Expression of transgene mRNA in isolated Mφ populations from both transgenic lines was assessed by Northern blotting. Peritoneal cells elicited either 1 or 4 days after injection of III.11 mice with thioglycollate broth expressed type III hSR-A mRNA, while no signal was detectable from transgene negative (Tg–) littermates, despite the presence of equal amounts of RNA, as judged by probing with β-actin (Fig. 4a). The intensity of the hSR-A specific band was greater in the RNA sample from the cells elicited 4 days after injection with thioglycollate broth. The peritoneal cell population obtained 1 day after injection of thioglycollate broth was a mixture of newly recruited and resident peritoneal Mφs and recruited neutrophils. In contrast, by 4 days after thioglycollate injection, all the recruited neutrophils had died and were replaced with recruited monocytes and Mφs. Hence, the relative levels of type III hSR-A mRNA 1 or 4 days after thioglycollate injection was consistent with Mφ-restricted transgene expression. Expression of type III hSR-A mRNA in Mφs from III.11 transgenic mice was further tested by examining expression in BMDMs. Two independent BMDM preparations from transgenic (Tg+) mice showed type III hSR-A transgene mRNA expression, with no detectable expression from Tg– littermates. Similar results were obtained in an analysis of transgene mRNA expression by Mφs isolated from Tg+ III.4 mice (data not shown). These data show that the CD68 sequences can drive transgene expression in Mφ populations of transgenic mice.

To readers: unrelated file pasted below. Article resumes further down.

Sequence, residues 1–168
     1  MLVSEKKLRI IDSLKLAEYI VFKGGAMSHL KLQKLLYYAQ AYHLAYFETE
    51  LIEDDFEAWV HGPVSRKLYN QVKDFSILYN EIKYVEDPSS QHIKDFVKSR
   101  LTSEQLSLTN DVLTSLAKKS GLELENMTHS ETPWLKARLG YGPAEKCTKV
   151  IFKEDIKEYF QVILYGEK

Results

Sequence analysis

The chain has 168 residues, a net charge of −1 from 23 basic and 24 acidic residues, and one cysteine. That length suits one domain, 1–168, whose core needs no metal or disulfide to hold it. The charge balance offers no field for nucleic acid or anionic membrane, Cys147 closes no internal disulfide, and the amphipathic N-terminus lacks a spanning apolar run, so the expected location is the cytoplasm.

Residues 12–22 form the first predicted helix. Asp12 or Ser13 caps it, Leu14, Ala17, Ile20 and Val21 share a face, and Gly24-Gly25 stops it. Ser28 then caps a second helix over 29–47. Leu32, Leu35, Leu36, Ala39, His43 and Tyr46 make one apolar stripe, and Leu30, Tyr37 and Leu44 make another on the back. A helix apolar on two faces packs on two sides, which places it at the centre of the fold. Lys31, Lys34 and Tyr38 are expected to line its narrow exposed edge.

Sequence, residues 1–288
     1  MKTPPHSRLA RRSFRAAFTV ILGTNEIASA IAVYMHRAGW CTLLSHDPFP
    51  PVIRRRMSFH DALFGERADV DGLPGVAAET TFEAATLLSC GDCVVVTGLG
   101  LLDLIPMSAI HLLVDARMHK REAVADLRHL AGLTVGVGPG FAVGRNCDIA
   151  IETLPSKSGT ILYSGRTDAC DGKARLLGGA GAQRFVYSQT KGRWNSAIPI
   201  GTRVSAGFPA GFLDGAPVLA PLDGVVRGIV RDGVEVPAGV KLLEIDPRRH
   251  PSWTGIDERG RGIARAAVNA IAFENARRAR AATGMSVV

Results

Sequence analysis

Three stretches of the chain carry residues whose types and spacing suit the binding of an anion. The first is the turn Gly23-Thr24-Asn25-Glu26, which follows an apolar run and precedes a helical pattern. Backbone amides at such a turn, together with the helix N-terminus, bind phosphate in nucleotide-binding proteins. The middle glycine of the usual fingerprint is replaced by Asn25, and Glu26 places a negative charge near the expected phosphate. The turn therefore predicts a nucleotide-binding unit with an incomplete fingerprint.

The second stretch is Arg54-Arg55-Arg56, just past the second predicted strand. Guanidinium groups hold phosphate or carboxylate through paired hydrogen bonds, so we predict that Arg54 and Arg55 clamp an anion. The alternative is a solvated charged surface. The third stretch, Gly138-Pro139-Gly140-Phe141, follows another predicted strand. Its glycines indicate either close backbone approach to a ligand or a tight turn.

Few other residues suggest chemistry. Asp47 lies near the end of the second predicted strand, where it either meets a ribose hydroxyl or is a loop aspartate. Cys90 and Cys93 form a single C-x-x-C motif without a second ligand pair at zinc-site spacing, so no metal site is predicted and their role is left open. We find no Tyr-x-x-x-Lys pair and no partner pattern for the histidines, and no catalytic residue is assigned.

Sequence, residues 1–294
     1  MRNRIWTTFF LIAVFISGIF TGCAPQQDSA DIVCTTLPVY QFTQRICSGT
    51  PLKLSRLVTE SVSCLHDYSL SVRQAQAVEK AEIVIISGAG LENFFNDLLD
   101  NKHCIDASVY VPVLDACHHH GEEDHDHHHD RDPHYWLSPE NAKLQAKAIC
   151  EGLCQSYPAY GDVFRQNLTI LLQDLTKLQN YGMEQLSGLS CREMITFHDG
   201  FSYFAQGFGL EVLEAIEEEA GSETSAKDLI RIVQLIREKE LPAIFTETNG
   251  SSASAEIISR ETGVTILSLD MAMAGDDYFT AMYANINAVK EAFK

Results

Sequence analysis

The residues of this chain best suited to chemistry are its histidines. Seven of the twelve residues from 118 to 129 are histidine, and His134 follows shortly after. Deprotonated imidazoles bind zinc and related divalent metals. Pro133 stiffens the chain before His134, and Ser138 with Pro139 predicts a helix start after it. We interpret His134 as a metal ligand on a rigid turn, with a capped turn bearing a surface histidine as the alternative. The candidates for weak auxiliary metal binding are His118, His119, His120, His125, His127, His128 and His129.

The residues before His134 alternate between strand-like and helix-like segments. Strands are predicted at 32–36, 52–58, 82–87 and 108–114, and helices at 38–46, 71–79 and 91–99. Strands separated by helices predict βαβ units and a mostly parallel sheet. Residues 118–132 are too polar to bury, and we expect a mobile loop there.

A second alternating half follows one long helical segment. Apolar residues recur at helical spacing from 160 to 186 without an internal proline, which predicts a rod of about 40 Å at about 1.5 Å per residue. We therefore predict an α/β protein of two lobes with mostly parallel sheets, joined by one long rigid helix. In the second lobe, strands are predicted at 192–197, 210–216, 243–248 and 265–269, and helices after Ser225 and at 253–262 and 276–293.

The pattern of type III hSR-A mRNA expression was examined in a variety of murine tissues from Tg+ mice. Northern blot analysis showed that transgene mRNA can be detected in all of the organ samples from Tg+ III.4 mice (except for liver where the β-actin probed control showed low levels of intact mRNA), with lung, spleen and lymph nodes showing the highest levels of expression (Fig. 4b). No bands of the appropriate size could be detected in RNA samples from a Tg– mouse. This pattern of transgene expression is consistent with Mφ-restricted targeting as the spleen and lymph nodes are organs that contain the largest proportion of Mφs as a percentage of the total cell population. Comparison of the intensity of SR-A-specific bands between RNA samples from human monocyte-derived Mφs, which express high levels of SR-A mRNA,50 and transgenic spleen, where Mφs constitute ≈ 10–20% of the total cell number, shows that CD68 sequences direct significant levels of transgene RNA expression.